What’s the best way to do it?
- First, empty the room of everything, including furniture. (If you have items which are too heavy to move, protect them by placing small pieces of tin foil under their feet.)
- Wipe away dust from skirting boards and very thoroughly vacuum the carpet.
- Set up the machine and start in a far corner. Work backwards towards the door, so you’re not stepping on damp carpet.
- Let the carpet dry completely before you put your furniture back—this can take anywhere between 8 and 24 hours.
Tip: Either clean in the evening, when you can leave the room to dry overnight, or during warm weather, when you can open all the windows. If you can’t open windows, use fans.
Are steam cleaning and deep cleaning good for carpets?
Yes. When done properly, they can be excellent—and safe—ways to clean a carpet.
Many people choose these methods because they’re:
- easy—you don’t need to scrub anything
- hygienic—they don’t produce allergens (such as fungi, mould, mildew and dust mites) or release dust into the air
- affordable—once you’ve bought (or hired) the machine, you only need tap water and a little detergent
While there are professional companies who can do it for you, steam cleaning and deep cleaning are really simple and don’t require any hugely expensive specialist equipment.
Professional carpet cleaning
Best for extremely stained and soiled carpets
How does it work?
A professional carpet cleaner uses a special steam cleaning or deep cleaning machine, similar to one you would use if you did the cleaning yourself.
The process is not much different either—forcing a mixture of hot water and cleaning formula into the fibres of the carpet to take up all the deep-lying dirt.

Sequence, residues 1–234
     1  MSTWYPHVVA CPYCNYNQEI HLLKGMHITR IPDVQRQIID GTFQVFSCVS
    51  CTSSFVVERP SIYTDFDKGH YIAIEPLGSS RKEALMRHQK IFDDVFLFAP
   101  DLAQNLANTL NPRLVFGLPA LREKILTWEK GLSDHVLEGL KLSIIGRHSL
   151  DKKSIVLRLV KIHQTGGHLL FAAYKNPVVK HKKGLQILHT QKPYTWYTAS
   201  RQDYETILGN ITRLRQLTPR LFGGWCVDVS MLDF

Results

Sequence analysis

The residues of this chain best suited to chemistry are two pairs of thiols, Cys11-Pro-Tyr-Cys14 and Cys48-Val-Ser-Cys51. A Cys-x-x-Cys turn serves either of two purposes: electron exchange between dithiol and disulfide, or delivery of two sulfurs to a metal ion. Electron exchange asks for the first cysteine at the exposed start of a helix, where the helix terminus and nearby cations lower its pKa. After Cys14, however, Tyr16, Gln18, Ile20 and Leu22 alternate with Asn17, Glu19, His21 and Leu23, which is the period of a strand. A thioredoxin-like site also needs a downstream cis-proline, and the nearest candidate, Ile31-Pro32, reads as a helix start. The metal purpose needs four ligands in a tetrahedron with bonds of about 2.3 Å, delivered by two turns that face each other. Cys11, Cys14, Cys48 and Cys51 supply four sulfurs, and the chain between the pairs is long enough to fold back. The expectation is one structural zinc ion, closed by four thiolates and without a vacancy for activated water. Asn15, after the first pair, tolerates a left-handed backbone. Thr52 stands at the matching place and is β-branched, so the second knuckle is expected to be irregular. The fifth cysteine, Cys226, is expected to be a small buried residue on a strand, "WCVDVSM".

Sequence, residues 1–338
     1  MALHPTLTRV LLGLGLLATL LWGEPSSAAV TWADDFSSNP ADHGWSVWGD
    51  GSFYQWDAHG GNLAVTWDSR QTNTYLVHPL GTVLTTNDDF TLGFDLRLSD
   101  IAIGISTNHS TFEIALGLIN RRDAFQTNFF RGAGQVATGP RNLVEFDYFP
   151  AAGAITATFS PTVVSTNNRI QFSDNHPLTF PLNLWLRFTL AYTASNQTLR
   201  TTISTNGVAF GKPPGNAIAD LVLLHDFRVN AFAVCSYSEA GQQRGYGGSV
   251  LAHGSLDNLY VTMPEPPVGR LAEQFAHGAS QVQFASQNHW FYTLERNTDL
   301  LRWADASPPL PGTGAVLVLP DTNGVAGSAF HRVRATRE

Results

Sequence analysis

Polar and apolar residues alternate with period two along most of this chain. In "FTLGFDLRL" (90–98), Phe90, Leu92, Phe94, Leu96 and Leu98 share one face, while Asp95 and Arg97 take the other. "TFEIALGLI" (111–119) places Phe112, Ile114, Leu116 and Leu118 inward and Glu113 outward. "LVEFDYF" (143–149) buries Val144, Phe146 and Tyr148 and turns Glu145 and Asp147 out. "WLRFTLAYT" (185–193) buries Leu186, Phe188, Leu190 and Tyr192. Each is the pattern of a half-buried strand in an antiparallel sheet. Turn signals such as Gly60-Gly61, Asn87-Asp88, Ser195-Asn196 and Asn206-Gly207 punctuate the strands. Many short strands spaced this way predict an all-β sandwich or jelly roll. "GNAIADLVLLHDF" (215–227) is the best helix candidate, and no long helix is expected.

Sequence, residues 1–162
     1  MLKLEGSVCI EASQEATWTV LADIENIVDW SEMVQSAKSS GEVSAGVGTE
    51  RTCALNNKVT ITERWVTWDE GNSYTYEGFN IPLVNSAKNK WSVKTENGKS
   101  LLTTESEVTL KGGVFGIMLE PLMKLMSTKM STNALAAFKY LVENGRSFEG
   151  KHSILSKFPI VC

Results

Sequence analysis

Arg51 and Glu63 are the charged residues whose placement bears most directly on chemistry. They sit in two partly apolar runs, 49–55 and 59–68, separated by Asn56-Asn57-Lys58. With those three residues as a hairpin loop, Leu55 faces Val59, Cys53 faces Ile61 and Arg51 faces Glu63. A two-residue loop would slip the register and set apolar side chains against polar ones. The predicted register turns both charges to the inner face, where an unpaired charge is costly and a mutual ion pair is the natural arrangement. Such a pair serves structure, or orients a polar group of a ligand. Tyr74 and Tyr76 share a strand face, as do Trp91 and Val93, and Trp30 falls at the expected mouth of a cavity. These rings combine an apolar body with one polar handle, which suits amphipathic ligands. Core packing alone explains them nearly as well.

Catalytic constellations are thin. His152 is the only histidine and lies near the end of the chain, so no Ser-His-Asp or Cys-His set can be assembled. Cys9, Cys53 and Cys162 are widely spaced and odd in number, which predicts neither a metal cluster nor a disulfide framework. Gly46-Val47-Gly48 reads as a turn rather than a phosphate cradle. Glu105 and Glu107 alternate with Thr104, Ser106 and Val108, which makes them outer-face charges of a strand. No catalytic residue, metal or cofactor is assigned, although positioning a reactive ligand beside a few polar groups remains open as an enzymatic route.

Why hire a professional if I can do it myself?
While it’s generally cheaper to do the job yourself, there are a number of benefits to hiring a professional carpet cleaner.
- Their equipment is more sophisticated than the DIY cleaners you would use at home
- They can match the correct cleaning formula with the type of carpet—meaning the best results without any damage
- They know how to remove stains
- They work quickly—meaning you won’t have to wait as long for the carpet to dry
How much does professional carpet cleaning cost?
Prices vary between companies, and most professional cleaners will quote based on factors such as the size of your home and how many carpets/rooms you need cleaning.
The table below gives a rough estimate of prices based on number of rooms.
Size of property
Many companies will clean single rooms and staircases if necessary, and for that you can expect to pay anywhere between £15 and £70.
How often should I have my carpets professionally cleaned?
It’s recommended you have a professional cleaner treat your carpets every six to 18 months. This will help prolong the life of the carpets and keep them looking their best.
General cleaning with household products
Best for treating particular stains quickly and effectively
What is dry cleaning?
Dry carpet cleaning is a type of deep cleaning that doesn’t use water. You sprinkle a special powder (see below) on to the carpet and brush it deeply into the pile. After a short time, you vacuum the carpet and the dirt or stain should be gone.
What are the best household products for cleaning carpets?
The following carpet cleaning products are among the best reviewed of 2018. You can buy them online or from any shop that sells cleaning appliances or household cleaning items.
These work quickly on light stains or more general everyday dirt. All you need to do is sprinkle on the powder, leave it for a while, then vacuum it up.
Dyson Zorb Powder
- No water needed
- Works well on wool carpets or carpets treated with stain protection
- Good for removing stains
These liquid products are intended to treat heavier soiling or more severe stains. Some are detergents for using with steam cleaners or deep cleaners, while others are made to be applied to the carpet directly.
Rug Doctor Carpet Detergent
- Very subtle fragrance
- Works well on stubborn stains